- Slides: 37
Nationalism and the Nation State Nationalism is a feeling of pride in and devotion to one’s nation. It is a feeling that develops among people who may share a common language, history, set of traditions, or goal. Nationalism often causes people to join together to choose their own form of government, without outside interference. Nationalism can unite people into cohesive, stable nations. Likewise, it can tear nations apart which can result in long periods of social upheaval and political chaos.
Unification of Germany (1861 – 1871) Otto von Bismarck, Prime Minister “IRON CHANCELLOR” of Prussia believes in Realpolitik, or real politics based on a tough-minded evaluation of the needs of the state. Using any means, including force, to advance national interests. Bismarck was a strong proponent of "Blood and Iron". Blood represented the sacrifices the German people would have to make in achieving the goal of unification. A culture of militarism, or the glorification of the military, was created by the crafty Bismarck. This played out in a series of wars against the Austrians
Germany – 1871) • Unification Danish War- of In 1864, Prussia(1861 allied with Austria to seize land from Denmark. • Austro-Prussian War- In 1866, Prussia turned against Austria to gain more land. Prussia overwhelmed Austria in just seven weeks. Several German states were united with Prussia in the North German Confederation. • Franco-Prussian War- In 1870, Bismarck used nationalism and the bitter memories of Napoleon’s conquests to stir up support for a war against France. Prussia and its German allies easily defeated France. During the war, southern German states agreed to unite with Prussia.
Unification of Germany (1861 – 1871) • All states join the ZOLLVEREIN- agree not to tax goods coming from state to state = Economic unity • In 1871, the German states united under the Prussian king, William I. As their ruler, William called himself the Kaiser (emperor). 1871 -1914 • ESTABLISH THE SECOND REICH -Limited Constitutional Monarchy
Unification of Germany (1861 – 1871) EATURES OF THE NEW GERMANY 1. AUTHORITARIAN 2. GREAT INDUSTRIALIZATION 3. MILITARISM-HUGE & POWERFUL ARMY **CREATION OF GERMAY UPSETS THE BALANCE OF POWER Germany’s ONLY COMPETITION IS GREAT BRITIAN. THIS RIVALRY WILL BE ONE OF THE FACTORS LEADING TO WORLD WAR I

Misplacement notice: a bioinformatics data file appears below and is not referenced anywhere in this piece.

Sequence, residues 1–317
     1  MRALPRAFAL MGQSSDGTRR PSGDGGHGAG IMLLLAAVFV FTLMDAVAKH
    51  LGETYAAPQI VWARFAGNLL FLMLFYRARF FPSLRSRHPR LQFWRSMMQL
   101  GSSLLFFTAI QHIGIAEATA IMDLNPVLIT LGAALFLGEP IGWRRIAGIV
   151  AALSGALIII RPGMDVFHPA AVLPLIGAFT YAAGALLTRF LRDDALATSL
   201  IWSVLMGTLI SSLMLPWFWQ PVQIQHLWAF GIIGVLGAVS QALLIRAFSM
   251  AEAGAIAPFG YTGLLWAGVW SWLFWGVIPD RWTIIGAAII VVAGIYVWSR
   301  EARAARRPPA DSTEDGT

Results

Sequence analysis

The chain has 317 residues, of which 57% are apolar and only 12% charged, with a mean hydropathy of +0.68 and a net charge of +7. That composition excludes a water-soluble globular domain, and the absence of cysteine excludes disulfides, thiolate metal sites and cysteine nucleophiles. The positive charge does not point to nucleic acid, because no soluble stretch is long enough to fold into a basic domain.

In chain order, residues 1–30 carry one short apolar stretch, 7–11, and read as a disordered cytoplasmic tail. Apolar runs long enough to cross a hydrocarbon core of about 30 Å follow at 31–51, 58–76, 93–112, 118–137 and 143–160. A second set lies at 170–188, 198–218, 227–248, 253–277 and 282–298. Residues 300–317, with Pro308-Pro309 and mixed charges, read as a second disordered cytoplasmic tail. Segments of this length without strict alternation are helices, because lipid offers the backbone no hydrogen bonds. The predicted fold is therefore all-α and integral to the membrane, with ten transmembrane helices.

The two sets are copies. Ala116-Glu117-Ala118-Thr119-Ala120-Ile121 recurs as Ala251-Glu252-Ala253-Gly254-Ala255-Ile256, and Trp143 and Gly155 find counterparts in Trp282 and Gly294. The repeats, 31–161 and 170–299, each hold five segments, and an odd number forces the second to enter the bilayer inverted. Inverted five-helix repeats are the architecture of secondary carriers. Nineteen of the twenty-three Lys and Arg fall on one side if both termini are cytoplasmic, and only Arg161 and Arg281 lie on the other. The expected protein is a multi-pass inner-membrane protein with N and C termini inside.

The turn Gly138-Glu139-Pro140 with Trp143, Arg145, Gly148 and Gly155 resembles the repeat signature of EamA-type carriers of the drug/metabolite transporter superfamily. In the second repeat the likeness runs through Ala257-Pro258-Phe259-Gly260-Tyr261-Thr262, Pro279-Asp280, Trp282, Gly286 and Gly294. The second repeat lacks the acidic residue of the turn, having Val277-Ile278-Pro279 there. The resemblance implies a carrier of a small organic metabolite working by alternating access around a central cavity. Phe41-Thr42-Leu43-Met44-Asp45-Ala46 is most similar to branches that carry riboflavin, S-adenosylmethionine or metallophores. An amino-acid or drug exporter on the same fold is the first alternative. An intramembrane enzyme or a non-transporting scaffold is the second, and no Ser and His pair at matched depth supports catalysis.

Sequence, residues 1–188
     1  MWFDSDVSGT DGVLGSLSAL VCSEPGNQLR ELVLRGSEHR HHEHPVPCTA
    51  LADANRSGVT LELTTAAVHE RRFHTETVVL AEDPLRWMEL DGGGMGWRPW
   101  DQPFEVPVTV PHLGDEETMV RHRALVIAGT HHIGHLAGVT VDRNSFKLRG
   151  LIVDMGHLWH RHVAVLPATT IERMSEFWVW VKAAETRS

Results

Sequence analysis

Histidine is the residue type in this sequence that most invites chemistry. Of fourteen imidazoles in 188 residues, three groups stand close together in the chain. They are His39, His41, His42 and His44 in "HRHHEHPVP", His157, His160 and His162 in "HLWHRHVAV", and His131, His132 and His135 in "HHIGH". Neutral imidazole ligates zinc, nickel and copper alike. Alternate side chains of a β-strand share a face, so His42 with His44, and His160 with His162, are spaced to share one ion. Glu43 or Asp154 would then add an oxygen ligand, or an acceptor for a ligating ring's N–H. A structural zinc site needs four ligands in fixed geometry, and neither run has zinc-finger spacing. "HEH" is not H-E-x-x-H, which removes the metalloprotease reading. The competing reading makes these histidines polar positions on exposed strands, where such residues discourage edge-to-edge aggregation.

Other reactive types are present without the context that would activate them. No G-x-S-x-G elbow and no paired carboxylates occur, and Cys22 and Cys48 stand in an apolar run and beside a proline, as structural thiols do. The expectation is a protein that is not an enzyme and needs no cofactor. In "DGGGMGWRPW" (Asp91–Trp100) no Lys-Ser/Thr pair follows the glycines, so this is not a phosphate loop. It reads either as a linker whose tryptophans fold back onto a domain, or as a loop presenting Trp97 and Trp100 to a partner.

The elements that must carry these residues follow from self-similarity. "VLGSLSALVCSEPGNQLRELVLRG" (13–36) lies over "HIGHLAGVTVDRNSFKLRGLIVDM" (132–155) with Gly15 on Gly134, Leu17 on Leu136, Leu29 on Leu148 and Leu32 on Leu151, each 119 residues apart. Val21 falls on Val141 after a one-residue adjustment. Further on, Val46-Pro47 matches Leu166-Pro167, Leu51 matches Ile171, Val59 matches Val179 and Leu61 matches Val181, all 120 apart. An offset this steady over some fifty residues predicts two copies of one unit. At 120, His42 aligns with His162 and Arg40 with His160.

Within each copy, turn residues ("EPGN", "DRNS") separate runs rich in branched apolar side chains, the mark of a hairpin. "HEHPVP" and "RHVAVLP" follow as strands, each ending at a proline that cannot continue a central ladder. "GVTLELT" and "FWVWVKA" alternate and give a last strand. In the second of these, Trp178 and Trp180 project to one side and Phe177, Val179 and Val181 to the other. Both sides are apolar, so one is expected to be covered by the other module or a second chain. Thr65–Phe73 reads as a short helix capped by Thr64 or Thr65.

UNIFICATION OF ITALY (1859 – 1870) The political structure of the Italian peninsula prior to 1861 was that of a fragmented group of small kingdoms and principalities. There was no political cohesion while internal fighting and rivalries were hampering any progress. However, the people of the Italian peninsula, shared language, culture and a historical background. Some Italian leaders began calling for nationalism with the goal of bringing Italy together into a sovereign nation-state with autonomous rule.
UNIFICATION OF ITALY (1859 – 1870) 1859 RISORGIMENTO (ITALIAN NATIONALISM) Reawakened USE POLICY OF REALPOLITIK, LEAD BY SARDINIA
IMPORTANT PEOPLE OF THE UNIFICATION The three great leaders of Italian nationalism were Giuseppe Mazzini, Count Camillo Cavour, and Giuseppe Garibaldi. Giuseppe Mazzini was instrumental in being the "soul" of Italian nationalism. Mazzini also established the secret society known as the Young Italy, an organization devoted to a united Italy in 1831, but he was exiled for his views. His writings and speeches provided inspiration to the nationalist movement, however.
IMPORTANT PEOPLE OF THE UNIFICATION Count Camillo Cavour, prime minister of the Italian state of Sardinia, shrewdly formed alliances with France and later with Prussia. Cavour was the "brain" in his role as a skilled diplomat. He used diplomacy and war to dive Austrian power from Italy.
IMPORTANT PEOPLE OF THE UNIFICATION Count Giuseppe Garibaldi was a soldier who led the forces that won control of southern Italy and helped it to unite with the north. Garibaldi was considered to be the "sword" of Italian nationalism. His band of Red Shirts conquered forces opposed to unification and forced southern Italy into a cohesive political unit. By 1861, Victor Emmanuel II of Sardinia was crowned king of a united Italy. Rome and Venice, at first not part of Italy, were later included by 1870.
Count Giuseppe Garibaldi
1. GIUSEPPE MAZZINI “SOUL” -INSPIRED PEOPLE w/WRITINGS & SPEECHES TO REVOLT 2. COUNT CAMILLO CAVOUR “BRAINS” -PRIME MINISTER OF the Italian state of SARDINIA -FORMED ALLIANCES W/BRITIAN & FRANCE & EXPELLS AUSTRIA FROM PARTS OF ITALY 3. GIUSEPPE GARIBALDI “SWORD” -ORGANIZES ARMY CALLED RED SHIRTS REBELLION IN SOUTHERN ITALY = SUCCESSFUL -1867 UNITES NORTH AND SOUTH PARTS=THE KINGDON OF ITALY -LIMITED MONARCHY UNDER KING VICTOR EMMANUEL II
NATIONALSIM AND CONFLICT IN THE BALKANS Nationalism was a source of conflict in the Balkan peninsula of southeastern Europe. In the 1800 s, the Ottoman Empire still ruled much of the area, which was home to many groups. Among these were Serbs, Greeks, Bulgarians, and Romanians. During the 1800 s, nationalist groups in the Balkans rebelled against foreign rule. From 1829 to 1908, Greece, Montenegro, Serbia, Romania, and Bulgaria all gained their independence.